· You hire domestic helpers such as housekeepers, chefs, and nannies
· Your company generates at least $500,000 in sales or services
· Your company is a hospital, school, preschool, or government institution that offers medical or nursing services
· Your company engages in interstate commerce like selling items over state borders or collaborating with persons or businesses in other states
You could also have employees who are not subject to minimum wage laws and rules. Depending on their work, they may even be exempt on certain weeks and nonexempt on others.
The personnel listed below may be exempt, but we recommend speaking with an employment lawyer first.
· Farmworkers working on tiny farms
· Temporary and leisure employees: If your firm only operates for seven months or less each year, or if your average revenues for half of the previous calendar year were less than 33.33 percent of the average revenues for the other half of the year
· Workers in executive, administration, technical, and management positions
Another significant group of workers who do not earn the minimum wage are tipped employees. The FLSA establishes a minimum payment of $2.13 for waiters and other tipped workers, as long as the tips and hourly salaries total the federal minimum wage. Your employee must also make more than $30 in tips each month.
If the sum of your tips and hourly pay falls short of the statutory minimum wage of $7.25 per hour, you must make up the shortfall.
How Can Deskera Assist You?
Payroll and staff management are critical components of every business. Deskera People may be an appropriate option if you are seeking for a comprehensive and automated application to manage payroll, personnel, costs, and contractor administration.
Frequently Asked Questions
How many individuals are working on a minimum wage?
In 2020, 1.1 million people in the United States earned the minimum wage or less, accounting for 1.5 percent of all hourly-paid jobs.
Is it possible to support a household on minimum wage?
Working 40 hours/week at the minimum pay will bring in $15,080 only before taxes. For a family of two or more individuals, this is below the national poverty line. It is also less than the national average for a one-bedroom apartment in 2020, which is $1,621 per month, or $19,452 per year.
How long has the minimum wage been constant?
Since 2009, the national minimum pay has been $7.25 per hour. To have the same spending power as minimum-wage employees in 2009, employees should have been getting $9.57 in December 2021, thanks to inflation.
How can Deskera Help You?
Deskera People is a cloud-based software that will help to create and assign custom pay components to an employee in light of your requirements.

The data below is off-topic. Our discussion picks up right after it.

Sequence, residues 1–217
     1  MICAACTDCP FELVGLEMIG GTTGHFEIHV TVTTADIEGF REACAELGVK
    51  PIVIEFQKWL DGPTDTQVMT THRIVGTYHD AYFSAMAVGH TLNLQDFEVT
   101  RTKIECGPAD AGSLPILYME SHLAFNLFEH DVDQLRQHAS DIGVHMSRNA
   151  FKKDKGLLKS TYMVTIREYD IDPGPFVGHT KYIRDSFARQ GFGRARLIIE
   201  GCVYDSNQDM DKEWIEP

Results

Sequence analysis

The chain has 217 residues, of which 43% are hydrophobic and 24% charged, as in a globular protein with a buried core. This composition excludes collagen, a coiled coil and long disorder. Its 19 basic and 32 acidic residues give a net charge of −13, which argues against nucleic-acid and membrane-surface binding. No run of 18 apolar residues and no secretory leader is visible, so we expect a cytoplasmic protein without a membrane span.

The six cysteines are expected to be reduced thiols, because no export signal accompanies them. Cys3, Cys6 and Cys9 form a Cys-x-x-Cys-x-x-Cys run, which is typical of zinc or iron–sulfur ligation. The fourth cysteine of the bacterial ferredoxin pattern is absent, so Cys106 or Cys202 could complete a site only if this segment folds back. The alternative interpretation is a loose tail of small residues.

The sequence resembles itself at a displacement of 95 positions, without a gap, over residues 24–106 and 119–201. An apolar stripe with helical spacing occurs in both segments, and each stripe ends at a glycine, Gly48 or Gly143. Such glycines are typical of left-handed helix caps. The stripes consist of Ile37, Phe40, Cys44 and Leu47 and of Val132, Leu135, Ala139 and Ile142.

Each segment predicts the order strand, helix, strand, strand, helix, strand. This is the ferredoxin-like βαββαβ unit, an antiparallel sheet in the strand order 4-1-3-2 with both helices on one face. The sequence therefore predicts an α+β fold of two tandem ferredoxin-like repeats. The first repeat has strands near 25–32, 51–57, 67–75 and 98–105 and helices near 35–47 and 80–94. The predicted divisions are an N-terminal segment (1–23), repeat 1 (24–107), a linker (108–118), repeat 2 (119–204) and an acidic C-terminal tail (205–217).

Deskera People provides all the employee's essential information at a glance with the employee dashboard. With sorting options embedded in each column of the grid, it is easier to get the information you want.
In addition to a powerful HRMS, Deskera offers integrated Accounting, CRM & HR Software for driving business growth.
Deskera People will distinguish those components assigned to the employee and naturally compute the wages taking in the specific conditions which can be designed in each component like pre and post-tax deductions.
To learn more about Deskera and how it works, take a look at this quick demo:
· Although the minimum wage aims to safeguard employees from mistreatment, it has failed to keep up with inflation.
· The minimum wage is the legal minimum salary that businesses can pay their workers.
· As of January 2022, the national minimum wage in the United States is $7.25 per hour.
· The minimum wage varies state-wise. Employees get the higher the federal or local minimum wage.
· In 1938, the FLS Act launched the first minimum wage in the USA. It was enacted as part of President Franklin D. Roosevelt's New Deal to safeguard workers during the Great Depression.
· While several states have passed laws mandating a $15 minimum wage, the federal minimum wage stands at $7.25.
· We have included the list of state-wise minimum wages for tipped and non-tipped employees under the section "State-Wise Minimum Wage Legislation in 2021."
· A tipped employee works in employment where they regularly get more than $30 in tips per month.
· A tipped worker's employer is only obligated to pay $2.13 per hour in direct wages if that amount, together with tips, equals or exceeds the federal minimum wage.